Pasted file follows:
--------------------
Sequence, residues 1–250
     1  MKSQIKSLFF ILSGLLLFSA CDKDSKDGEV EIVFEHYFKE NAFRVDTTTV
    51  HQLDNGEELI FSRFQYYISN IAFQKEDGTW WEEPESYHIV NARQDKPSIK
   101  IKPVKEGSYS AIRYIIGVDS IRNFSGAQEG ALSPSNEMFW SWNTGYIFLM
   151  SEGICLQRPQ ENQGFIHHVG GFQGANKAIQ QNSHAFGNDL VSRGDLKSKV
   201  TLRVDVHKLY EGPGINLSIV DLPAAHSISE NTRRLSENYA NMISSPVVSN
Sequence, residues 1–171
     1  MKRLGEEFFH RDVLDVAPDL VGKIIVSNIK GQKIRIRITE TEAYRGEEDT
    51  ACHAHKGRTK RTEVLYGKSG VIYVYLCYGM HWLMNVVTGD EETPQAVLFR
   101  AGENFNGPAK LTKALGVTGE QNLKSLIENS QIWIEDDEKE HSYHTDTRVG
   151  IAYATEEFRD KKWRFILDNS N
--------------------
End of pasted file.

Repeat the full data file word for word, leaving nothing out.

Sequence, residues 1–250
     1  MKSQIKSLFF ILSGLLLFSA CDKDSKDGEV EIVFEHYFKE NAFRVDTTTV
    51  HQLDNGEELI FSRFQYYISN IAFQKEDGTW WEEPESYHIV NARQDKPSIK
   101  IKPVKEGSYS AIRYIIGVDS IRNFSGAQEG ALSPSNEMFW SWNTGYIFLM
   151  SEGICLQRPQ ENQGFIHHVG GFQGANKAIQ QNSHAFGNDL VSRGDLKSKV
   201  TLRVDVHKLY EGPGINLSIV DLPAAHSISE NTRRLSENYA NMISSPVVSN
Sequence, residues 1–171
     1  MKRLGEEFFH RDVLDVAPDL VGKIIVSNIK GQKIRIRITE TEAYRGEEDT
    51  ACHAHKGRTK RTEVLYGKSG VIYVYLCYGM HWLMNVVTGD EETPQAVLFR
   101  AGENFNGPAK LTKALGVTGE QNLKSLIENS QIWIEDDEKE HSYHTDTRVG
   151  IAYATEEFRD KKWRFILDNS N